The economics of vision impairment and its leading causes: A systematic review
journal contributionposted on 2023-07-26, 15:45 authored by Ana P. Marques, Jacqueline Ramke, John Cairns, Thomas Butt, Justine H. Zhang, Iain Jones, Marty Jovic, Allyala Nandakumar, Hannah B. Faal, Hugh R. Taylor, Andrew Bastawrous, Tasanee Braithwaite, Serge Resnikoff, Peng Tee Khaw, Rupert R. A. Bourne, Iris Gordon, Kevin Frick, Matthew J. Burton
Vision impairment (VI) can have wide ranging economic impact on individuals, households, and health systems. The aim of this systematic review was to describe and summarise the costs associated with VI and its major causes. We searched MEDLINE (16 November 2019), National Health Service Economic Evaluation Database, the Database of Abstracts of Reviews of Effects and the Health Technology Assessment database (12 December 2019) for partial or full economic evaluation studies, published between 1 January 2000 and the search dates, reporting cost data for participants with VI due to an unspecified cause or one of the seven leading causes globally: cataract, uncorrected refractive error, diabetic retinopathy, glaucoma, age-related macular degeneration, corneal opacity, trachoma. The search was repeated on 20 January 2022 to identify studies published since our initial search. Included studies were quality appraised using the British Medical Journal Checklist for economic submissions adapted for cost of illness studies. Results were synthesized in a structured narrative. Of the 138 included studies, 38 reported cost estimates for VI due to an unspecified cause and 100 reported costs for one of the leading causes. These 138 studies provided 155 regional cost estimates. Fourteen studies reported global data; 103/155 (66%) regional estimates were from high-income countries. Costs were most commonly reported using a societal (n = 48) or healthcare system perspective (n = 25). Most studies included only a limited number of cost components. Large variations in methodology and reporting across studies meant cost estimates varied considerably. The average quality assessment score was 78% (range 35–100%); the most common weaknesses were the lack of sensitivity analysis and insufficient disaggregation of costs. There was substantial variation across studies in average treatment costs per patient for most conditions, including refractive error correction (range $12–$201 ppp), cataract surgery (range $54–$3654 ppp), glaucoma (range $351–$1354 ppp) and AMD (range $2209–$7524 ppp). Future cost estimates of the economic burden of VI and its major causes will be improved by the development and adoption of a reference case for eye health. This could then be used in regular studies, particularly in countries with data gaps, including low- and middle-income countries in Asia, Eastern Europe, Oceania, Latin America and sub-Saharan Africa.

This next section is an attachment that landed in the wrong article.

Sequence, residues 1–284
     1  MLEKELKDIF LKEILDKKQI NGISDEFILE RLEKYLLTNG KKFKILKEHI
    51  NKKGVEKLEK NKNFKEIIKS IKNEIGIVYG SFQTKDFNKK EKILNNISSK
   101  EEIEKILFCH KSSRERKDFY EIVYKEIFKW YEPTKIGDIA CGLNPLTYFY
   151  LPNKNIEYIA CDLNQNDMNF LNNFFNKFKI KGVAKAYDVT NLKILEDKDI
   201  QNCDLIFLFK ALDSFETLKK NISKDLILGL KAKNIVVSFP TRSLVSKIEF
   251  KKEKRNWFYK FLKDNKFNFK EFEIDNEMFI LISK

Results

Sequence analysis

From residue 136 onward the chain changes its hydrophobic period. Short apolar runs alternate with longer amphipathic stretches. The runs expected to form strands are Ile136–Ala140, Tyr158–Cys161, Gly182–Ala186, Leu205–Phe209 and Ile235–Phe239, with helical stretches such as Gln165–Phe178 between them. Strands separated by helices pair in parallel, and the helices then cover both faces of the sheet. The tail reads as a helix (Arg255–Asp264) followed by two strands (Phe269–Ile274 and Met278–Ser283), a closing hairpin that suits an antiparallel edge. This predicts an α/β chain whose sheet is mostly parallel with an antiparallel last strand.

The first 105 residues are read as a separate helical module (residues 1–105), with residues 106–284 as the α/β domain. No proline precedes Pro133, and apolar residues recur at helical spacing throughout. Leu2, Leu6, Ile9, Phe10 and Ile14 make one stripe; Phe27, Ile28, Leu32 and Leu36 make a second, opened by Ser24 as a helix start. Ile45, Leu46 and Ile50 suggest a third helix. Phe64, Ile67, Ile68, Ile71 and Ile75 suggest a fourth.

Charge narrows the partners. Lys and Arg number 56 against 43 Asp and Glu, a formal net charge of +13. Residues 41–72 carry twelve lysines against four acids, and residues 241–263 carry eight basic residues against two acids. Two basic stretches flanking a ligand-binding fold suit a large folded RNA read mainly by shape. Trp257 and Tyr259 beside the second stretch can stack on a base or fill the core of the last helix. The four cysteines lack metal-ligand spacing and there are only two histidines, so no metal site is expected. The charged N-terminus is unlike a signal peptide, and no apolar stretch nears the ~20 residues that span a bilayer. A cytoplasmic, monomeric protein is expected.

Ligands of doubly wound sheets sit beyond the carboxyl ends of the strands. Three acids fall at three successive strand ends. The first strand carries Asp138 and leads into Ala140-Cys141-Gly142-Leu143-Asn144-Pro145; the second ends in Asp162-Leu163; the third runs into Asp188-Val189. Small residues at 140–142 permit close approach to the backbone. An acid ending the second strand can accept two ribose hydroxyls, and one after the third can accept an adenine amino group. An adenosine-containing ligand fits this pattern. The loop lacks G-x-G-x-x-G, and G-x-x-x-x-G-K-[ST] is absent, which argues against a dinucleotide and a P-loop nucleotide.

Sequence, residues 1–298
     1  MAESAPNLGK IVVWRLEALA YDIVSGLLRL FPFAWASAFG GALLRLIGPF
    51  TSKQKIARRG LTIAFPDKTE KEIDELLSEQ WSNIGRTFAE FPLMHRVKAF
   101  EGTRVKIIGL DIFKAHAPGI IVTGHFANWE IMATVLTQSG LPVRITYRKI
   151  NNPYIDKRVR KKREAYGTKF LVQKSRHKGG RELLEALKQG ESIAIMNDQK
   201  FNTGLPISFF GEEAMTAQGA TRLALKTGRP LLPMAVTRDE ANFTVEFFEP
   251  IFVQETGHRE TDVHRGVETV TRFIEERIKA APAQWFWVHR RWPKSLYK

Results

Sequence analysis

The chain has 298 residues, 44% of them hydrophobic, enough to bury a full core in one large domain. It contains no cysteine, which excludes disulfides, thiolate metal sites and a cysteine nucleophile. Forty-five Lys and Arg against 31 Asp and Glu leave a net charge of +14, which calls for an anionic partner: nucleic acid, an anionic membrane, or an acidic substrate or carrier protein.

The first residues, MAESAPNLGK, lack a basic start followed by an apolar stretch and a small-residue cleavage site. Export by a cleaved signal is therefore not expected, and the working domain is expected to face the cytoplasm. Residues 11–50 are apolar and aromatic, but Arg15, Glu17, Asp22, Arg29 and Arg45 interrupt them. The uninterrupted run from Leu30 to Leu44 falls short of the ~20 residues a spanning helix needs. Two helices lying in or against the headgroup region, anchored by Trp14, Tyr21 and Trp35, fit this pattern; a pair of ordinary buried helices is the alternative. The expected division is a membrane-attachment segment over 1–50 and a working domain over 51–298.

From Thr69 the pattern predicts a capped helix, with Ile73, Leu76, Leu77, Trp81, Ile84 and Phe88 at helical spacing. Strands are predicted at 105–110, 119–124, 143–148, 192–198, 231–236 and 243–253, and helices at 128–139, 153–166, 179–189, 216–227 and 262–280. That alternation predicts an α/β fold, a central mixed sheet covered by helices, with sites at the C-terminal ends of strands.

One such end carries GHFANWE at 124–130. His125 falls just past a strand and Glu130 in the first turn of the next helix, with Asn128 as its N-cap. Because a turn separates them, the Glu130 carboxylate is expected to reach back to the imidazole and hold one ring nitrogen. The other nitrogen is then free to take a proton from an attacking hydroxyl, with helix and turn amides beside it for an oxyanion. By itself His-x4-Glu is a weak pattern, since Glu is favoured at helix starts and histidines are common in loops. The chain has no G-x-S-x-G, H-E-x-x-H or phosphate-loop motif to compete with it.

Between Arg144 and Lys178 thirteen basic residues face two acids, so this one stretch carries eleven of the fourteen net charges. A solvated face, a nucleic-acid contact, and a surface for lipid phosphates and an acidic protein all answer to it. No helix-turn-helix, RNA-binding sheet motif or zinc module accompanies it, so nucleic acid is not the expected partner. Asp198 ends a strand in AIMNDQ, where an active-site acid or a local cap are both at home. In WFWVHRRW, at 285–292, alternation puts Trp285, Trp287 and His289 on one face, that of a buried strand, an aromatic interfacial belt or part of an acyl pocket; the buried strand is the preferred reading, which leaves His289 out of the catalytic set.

- Published version